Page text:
Well, no, this isn't really true. Like you say, you should be backed the OS, right? So if you're a sound engineer or musician and want to use Linux, you make sure you install something like Ubuntu Studio, and then it just works out of the box. [...]

No offense, but I have tried Ubuntu Studio, and it is nowhere near a good out-of-the-box experience... In fact that's probably one of the worst distro I tried, and if I didn't have tried others before (and thus know better about the Linux experience), I would probably have migrated to Windows 10 by now...
I have spent quite a lot of time trying to figure out how to tweak Jack and pulseaudio with Cadence, and even now, I am not fully satisfied with this "solution", which is more of a "workaround".
I wish there was a CoreAudio equivalent in Linux (to be fair, I wish it would have been the case in Windows, too). Maybe with Pipewire ?

Quoting: Philadelphus
Quoting: CatKillerThis is a fallacy, btw. If you're not into computers, you're only looking skin-deep. "This is the Internet, this is the app store, this is the update button" is all they need to know. Linux is the ideal grandmother OS. It's the Windows Power Users that have the hardest time; they're very familiar with the entrails of Windows and freak out about Linux' guts being different when they try to poke at them.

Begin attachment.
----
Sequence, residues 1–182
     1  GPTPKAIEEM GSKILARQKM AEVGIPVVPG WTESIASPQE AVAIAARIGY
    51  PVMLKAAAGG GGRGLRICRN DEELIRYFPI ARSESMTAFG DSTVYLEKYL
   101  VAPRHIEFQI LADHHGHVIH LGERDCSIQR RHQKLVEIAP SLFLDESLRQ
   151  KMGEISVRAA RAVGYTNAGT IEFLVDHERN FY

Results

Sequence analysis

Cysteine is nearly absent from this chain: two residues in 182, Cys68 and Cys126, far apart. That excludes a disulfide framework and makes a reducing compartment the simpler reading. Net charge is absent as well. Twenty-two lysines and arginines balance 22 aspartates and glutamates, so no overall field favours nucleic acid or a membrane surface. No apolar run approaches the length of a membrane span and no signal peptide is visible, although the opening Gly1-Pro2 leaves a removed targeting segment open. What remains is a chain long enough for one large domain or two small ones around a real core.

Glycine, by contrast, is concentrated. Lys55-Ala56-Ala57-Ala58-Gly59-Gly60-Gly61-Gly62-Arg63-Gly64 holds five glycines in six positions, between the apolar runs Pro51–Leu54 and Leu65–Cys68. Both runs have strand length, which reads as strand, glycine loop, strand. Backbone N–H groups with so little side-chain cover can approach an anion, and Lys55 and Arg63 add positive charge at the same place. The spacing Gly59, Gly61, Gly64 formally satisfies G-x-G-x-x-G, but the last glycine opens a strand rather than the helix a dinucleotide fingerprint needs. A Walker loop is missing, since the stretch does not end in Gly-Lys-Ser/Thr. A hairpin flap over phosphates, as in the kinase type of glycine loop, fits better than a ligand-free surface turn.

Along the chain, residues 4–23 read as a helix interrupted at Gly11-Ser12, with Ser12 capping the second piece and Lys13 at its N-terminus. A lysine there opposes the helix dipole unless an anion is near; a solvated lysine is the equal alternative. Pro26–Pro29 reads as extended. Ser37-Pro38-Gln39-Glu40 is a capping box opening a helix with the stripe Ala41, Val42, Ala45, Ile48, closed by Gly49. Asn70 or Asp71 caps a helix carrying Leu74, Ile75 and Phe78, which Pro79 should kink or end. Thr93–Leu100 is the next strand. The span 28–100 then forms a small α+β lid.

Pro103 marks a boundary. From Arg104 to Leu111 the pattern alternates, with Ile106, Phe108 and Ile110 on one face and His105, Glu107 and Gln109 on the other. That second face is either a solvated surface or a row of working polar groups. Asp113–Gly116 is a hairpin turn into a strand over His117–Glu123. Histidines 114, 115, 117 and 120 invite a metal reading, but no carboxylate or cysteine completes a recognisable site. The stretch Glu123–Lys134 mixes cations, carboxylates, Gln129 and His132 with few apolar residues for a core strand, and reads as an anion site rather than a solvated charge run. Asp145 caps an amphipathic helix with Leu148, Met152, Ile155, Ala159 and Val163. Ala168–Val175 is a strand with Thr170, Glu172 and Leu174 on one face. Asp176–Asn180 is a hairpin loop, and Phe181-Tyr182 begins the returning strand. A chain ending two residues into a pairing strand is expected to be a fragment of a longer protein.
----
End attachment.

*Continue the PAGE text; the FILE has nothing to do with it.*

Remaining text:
Mm, you have a point, and I don't disagree that Linux can be the perfect "grandmother OS", but if that grandmother has been using Windows I imagine she'd be more comfortable with a DE that looks similar, skin-wise, and doesn't require re-learning where the links to all those things are.

Fun fact: my grandmother actually has been using OpenSuse for over a decade now I believe (and she's quite happy about it, except when the printer decides to stop working for no apparent reason )